Florida fishing: Spring equinox brings permit, dolphin, tarpon, snook, cobia. See where
Spring has sprung.
The week began with mild temperatures as what may be the last cold front of the season made its way along the peninsula. South winds have replaced the north breeze meaning the migrations have begun again.
On the beaches, pompano have shown up and their larger cousins are just offshore on structure. Dolphin are moving along the Gulf Stream with wahoo and blackfin tuna so take your ballyhoo and get trolling, or have some pitch rods ready for a little run-and-gun action in the bluewater.
Inshore, the snook fishing has been great at many of their back country hangouts. Live bait, live crabs and large jigs will get bites from the aggressive predators.
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Closures & regulations changes in effect: Anglers are reminded about these fishery harvest closures currently underway and ones about to begin and end.
Lobster: Regular season ends April 1. Two day sport season (mini-season) open July 26-27, 2023. Regular season opens Aug. 6.
Cobia: New bag and size limits for state waters. Bag limit: Two fish per vessel. Size limit: 36 inches fork lenght.
Snook: Harvest opened Feb. 1. One fish bag limit, 28-32 inches, snook stamp required..
Grouper: Harvest closed from Jan. 1, 2023, through April 30, 2023. Includes gag grouper, red grouper, black grouper, scamp, yellowfin grouper, yellowmouth, coney, graysby, red hind & rock hind. Harvest reopens May 1, 2023.
Spotted seatrout: Harvest open as of Jan. 1 in Volusia, Brevard, Indian River, St. Lucie, Martin & Palm Beach counties. Harvest closes November and December 2023.
Hogfish: Harvest closed from Nov. 1, 2022 to April 30, 2023. Harvest reopens May 1, 2023.
Redfish: Harvest of redfish is banned in the Indian River Lagoon and Mosquito Lagoon beginning Sept. 1. FWC will re-evaluate later in the year.
Alligator: Hunt season open Aug. 15-Nov. 1. Permits required.
Dolphin: New fishing regulations began May 1, 2022 for state waters. Bag limit is now five fish per day per angler; Vessel limit is now 30 fish per day. Captain and crew may not be included in limit.
Tilefish: Harvest is open as of Jan. 1.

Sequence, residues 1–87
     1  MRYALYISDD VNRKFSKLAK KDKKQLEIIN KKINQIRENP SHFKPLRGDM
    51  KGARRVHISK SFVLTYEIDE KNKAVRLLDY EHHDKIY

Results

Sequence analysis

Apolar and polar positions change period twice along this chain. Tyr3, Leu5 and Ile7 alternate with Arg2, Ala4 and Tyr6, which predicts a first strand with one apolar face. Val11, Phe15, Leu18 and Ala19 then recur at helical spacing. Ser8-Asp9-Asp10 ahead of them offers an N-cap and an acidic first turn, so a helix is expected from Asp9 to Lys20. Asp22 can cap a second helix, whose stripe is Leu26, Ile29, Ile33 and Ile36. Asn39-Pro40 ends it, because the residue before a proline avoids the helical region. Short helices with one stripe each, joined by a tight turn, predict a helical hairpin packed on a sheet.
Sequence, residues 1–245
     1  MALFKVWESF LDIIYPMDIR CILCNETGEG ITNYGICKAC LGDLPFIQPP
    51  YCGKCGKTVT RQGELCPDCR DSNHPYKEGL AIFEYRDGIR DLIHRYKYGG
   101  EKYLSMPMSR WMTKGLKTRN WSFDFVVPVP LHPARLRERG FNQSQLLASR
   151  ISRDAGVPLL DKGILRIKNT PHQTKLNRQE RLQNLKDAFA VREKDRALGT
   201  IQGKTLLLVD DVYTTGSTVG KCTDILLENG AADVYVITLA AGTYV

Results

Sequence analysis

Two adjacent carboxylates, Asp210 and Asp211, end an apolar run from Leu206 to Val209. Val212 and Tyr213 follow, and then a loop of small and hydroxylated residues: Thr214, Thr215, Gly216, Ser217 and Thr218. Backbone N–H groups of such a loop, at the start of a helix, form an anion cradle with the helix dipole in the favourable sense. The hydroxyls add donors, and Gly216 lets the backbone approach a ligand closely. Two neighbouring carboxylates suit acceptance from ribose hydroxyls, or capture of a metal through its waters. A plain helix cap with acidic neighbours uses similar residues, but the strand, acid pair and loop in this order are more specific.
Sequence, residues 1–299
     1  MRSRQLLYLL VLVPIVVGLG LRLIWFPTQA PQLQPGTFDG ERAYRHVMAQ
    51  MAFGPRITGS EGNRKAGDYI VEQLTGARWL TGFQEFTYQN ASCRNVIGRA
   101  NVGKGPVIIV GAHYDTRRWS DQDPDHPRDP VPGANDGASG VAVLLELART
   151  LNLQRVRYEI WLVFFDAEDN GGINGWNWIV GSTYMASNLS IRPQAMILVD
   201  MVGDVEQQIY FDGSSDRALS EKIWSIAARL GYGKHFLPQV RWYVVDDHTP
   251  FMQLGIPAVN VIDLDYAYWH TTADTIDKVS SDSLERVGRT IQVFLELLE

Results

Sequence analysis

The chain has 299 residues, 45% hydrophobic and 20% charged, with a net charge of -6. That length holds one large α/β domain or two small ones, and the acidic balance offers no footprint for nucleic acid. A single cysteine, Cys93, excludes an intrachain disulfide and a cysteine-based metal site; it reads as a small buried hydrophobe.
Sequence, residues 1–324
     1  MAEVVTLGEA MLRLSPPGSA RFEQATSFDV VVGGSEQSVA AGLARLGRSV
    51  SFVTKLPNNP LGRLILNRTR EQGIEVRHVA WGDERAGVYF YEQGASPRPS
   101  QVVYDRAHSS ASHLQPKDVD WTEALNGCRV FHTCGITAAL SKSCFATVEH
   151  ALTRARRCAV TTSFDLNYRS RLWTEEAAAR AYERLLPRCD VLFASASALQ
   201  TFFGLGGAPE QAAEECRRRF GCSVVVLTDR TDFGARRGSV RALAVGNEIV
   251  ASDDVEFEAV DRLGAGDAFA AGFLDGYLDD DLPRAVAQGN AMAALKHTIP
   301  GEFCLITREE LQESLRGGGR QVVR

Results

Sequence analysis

Bass: Bass at Headwaters Lake will soon become all catch-and-release.
For complete fishing regulations in Florida go to MyFWC.com.
Sand Spike Shootout rescheduled
On March 25-26, the Indian RiverKeeper is hosting its third annual Sand Spike Shootout to raise funds for the program. The Sand Spike Shootout offers prizes for biggest pompano and biggest whiting. Entry fee is $50 per person. To register, go to Indian Riverkeeper Sand Spike Shootout.
Indian River County
Offshore: Snapper fishing is still worth the trip out to the reefs in 70-100 feet of water. Mangrove snapper, mutton snapper, lane snapper and triggerfish can be caught with dead sardines. Kingfish are taking slow trolled live baits like blue runners and threadfins.
Inshore: It's all about snook at Sebastian Inlet. Fish the outgoing tides with live pinfish or live croakers to catch top end of the slot fish. Other catches there include redfish, black drum which can be sight-casted to in schools, Spanish mackerel and pompano from the beaches. Lewis Arnold of Vero Beach used a No Live Bait Needed jerk bait to haul a 41-inch snook out of the mangroves near Round Island.
Freshwater: Bass fishing is about as good as it can ever be at Headwaters Lake near Fellsmere. Work through the crowds to get bites from 3-6 pounders. Some are sitting on the beds. Spinnerbaits, wild shiners and crank baits are working well.
St. Lucie County
Offshore: Mutton snapper, mangrove snapper and lane snapper are on the reefs. Dolphin, blackfin tuna and wahoo are on the current edges. Cobia can be caught in 25 to 60 feet of water. Kingfish are on the beach in 20-30 feet of water around the bait schools. Permit are on the Pill Tops. Use live crabs to get bites.
Inshore: Spotted seatrout can be caught along the ends of the docks at St. Lucie Village, along Indian River Drive and Hutchinson Island. Wade fishing is a good approach to find the trout. Use live shrimp or artifical shrimp or jerk baits. Tripletail can be caught using live shrimp near the channel edges.
Surf: Pompano finally showed up this week. The fish are probably moving north as part of their migration. Cast to 100 to 150 yards off the beach with Fishbites to get bites.
Offshore: Fish for dolphin by trolling along the current edges. Color changes in 150 to 250 feet of water or subtle temperature changes will indicate where a current edge is. Blackfin tuna and wahoo are also possible catches along the edges. Cobia are still being picked up by boaters who find them free-swimming either alone or in small schools of 6 or 7 fish at a time. Use a 2-ounce flare hawk type jig to cast to them.
Inshore: Snook fishing is the best option in the area right now. Fish can be caught from the Roosevelt Bridge down to Hell's Gate docks and around Rocky Point and Sailfish Point docks. They will take live bait, large jigs and swim baits fished around structure.
The lake finally has fallen below 15 feet above sea level. Tuesday, it measured 14 feet 8 inches which means there is still plenty of water in the western spots like Point of the Reef, Sportsman's Channel and Observation Shoal. As days get longer, look for bluegill fishing to be picking up along with shellcracker. Bass fishing is best around spawning beds. Toss lipless crank baits, topwater frogs and stick worms to get reaction bites.
Ed Killer is the fishing writer for TCPalm. Email him your photos and report at firstname.lastname@example.org.
This article originally appeared on Treasure Coast Newspapers: Florida fishing: Permit, dolphin, tarpon, snook, cobia are biting now